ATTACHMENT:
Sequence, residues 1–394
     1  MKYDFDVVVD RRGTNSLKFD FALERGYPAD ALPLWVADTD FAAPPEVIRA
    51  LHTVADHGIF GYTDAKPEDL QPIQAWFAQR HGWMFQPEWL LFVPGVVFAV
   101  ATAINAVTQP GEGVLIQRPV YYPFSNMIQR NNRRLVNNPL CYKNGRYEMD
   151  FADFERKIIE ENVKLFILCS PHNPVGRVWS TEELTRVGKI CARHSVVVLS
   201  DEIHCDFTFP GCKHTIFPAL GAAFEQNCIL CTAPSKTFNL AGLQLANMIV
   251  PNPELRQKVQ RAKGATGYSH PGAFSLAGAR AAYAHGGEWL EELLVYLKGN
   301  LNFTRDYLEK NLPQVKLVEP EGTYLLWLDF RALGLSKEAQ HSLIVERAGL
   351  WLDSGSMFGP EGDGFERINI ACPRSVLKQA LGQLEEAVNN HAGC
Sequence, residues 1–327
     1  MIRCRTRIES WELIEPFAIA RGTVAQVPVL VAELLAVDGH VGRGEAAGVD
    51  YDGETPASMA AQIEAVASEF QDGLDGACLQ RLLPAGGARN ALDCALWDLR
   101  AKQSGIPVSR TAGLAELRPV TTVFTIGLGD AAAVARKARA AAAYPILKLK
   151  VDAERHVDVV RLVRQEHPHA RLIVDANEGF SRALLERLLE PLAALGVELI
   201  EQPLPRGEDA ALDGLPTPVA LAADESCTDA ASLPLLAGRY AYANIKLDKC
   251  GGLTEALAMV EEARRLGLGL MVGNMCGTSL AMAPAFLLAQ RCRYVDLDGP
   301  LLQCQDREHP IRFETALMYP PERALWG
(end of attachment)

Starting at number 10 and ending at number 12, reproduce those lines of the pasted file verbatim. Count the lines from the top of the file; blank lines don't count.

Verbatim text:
Sequence, residues 1–327
     1  MIRCRTRIES WELIEPFAIA RGTVAQVPVL VAELLAVDGH VGRGEAAGVD
    51  YDGETPASMA AQIEAVASEF QDGLDGACLQ RLLPAGGARN ALDCALWDLR